Microsoft will continue to support and provide security patches for its Enhanced Mitigation Experience Toolkit security software for Windows until July 31 2018, after taking customer feedback into account.
EMET is a security utility software popular with enterprise customers running supported versions of Windows. It uses mitigation techniques to block attackers from exploiting vulnerabilities in software.
The company's lead program manager for operating system security, Jeffrey Sutherland, said while EMET 5.5x will continue to be supported for another 18 months after the original end of life date of January next year, Microsoft recommended customers migrate to Windows 10 for improved security.
Sutherland said EMET has been useful to Microsoft over the years, allowing the company to disrupt exploit kits and protect customers. EMET has also been used to try out new features and security innovations that have then been integrated into Windows 7, 8, 8.1 and 10.
Nevertheless, EMET has some serious drawbacks as well, Sutherland conceded.
Not being an integral part of the operating system means many EMET features were not developed as robust security solutions. They could block exploit techniques used in the past, but could not offer durable protection over time, meaning it's easy to find trivial ways to bypass EMET online, Sunderland said.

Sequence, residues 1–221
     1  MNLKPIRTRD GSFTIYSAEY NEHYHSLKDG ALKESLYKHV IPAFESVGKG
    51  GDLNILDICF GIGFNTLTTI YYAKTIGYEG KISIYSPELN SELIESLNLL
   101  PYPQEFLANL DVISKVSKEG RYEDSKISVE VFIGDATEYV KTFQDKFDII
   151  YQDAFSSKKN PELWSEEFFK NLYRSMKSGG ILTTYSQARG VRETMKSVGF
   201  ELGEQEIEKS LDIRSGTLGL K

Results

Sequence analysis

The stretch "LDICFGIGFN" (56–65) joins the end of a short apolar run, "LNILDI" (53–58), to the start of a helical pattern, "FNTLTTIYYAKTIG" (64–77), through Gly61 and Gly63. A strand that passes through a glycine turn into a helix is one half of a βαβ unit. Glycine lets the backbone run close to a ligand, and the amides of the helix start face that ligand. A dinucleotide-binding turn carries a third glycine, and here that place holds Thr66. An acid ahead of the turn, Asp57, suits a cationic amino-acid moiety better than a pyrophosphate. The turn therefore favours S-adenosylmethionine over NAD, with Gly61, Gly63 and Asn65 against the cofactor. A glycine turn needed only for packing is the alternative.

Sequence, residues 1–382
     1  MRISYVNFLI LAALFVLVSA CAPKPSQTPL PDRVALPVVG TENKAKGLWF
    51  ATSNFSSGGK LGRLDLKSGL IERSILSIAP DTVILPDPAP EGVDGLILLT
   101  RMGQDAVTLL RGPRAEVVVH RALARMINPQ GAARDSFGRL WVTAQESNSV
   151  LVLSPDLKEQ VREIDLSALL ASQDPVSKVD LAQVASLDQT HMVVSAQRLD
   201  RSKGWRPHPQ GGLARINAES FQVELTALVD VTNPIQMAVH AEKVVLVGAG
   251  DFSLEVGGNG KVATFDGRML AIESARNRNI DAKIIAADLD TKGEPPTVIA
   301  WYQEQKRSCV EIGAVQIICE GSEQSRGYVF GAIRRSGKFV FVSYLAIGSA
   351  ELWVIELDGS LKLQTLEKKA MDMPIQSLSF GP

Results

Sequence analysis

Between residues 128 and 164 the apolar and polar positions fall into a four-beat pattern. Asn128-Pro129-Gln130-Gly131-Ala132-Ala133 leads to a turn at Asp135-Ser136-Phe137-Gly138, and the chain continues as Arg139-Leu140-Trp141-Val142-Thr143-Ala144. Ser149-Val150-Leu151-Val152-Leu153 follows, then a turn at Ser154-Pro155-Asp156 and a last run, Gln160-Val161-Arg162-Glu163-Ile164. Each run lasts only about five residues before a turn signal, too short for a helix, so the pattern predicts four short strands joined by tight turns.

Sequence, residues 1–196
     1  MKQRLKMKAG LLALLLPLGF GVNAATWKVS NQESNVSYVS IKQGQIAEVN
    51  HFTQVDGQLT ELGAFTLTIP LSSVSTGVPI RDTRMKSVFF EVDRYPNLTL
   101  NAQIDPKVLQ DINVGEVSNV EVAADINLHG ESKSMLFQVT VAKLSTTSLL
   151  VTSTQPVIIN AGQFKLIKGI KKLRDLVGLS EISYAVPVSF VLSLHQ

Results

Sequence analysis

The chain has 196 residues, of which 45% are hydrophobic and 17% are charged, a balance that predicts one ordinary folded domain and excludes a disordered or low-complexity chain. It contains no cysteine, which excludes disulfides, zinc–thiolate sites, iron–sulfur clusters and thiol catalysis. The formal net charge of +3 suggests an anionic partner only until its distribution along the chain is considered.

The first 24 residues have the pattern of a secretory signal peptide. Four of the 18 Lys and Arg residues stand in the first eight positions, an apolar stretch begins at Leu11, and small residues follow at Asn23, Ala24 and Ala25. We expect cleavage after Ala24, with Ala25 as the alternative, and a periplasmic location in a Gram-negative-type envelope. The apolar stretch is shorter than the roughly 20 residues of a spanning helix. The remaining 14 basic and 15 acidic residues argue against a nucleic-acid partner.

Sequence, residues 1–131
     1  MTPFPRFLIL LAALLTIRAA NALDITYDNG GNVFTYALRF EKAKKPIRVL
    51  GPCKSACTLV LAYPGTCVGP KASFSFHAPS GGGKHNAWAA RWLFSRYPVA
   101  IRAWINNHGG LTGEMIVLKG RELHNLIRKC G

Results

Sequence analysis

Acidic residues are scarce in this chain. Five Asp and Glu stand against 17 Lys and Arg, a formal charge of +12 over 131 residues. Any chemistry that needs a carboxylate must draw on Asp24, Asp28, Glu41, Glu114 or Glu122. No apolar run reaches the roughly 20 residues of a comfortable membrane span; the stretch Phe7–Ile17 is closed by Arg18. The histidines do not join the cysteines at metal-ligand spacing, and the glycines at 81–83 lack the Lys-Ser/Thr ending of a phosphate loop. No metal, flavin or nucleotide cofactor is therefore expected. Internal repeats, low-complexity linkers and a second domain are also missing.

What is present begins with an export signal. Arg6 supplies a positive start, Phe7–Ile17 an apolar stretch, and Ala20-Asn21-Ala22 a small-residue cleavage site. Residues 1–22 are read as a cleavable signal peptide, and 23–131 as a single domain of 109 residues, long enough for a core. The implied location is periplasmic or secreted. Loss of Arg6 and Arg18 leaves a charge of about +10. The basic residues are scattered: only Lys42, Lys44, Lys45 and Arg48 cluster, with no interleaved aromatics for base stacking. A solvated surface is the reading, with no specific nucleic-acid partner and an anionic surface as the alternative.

EMET also causes serious performance and reliability side effects in both Windows and applications, as it hooks into low-level areas of the operating system in undocumented ways.
"This presents an ongoing problem for customers since every OS or application update can trigger performance and reliability issues due to incompatibility with EMET," Sunderland said.
He pointed to the improved security features integrated into Windows 10 as a better way to achieve protection against vulnerabilities being exploited.
Windows 10 includes all EMET features, such as memory address space layout randomisation and data execution protection, and adds new ones to further reduce vulnerabilities being exploited [pdf].
The latest version of Windows is also able to use hardware virtualisation to protect against hacks and malware, Sutherland said.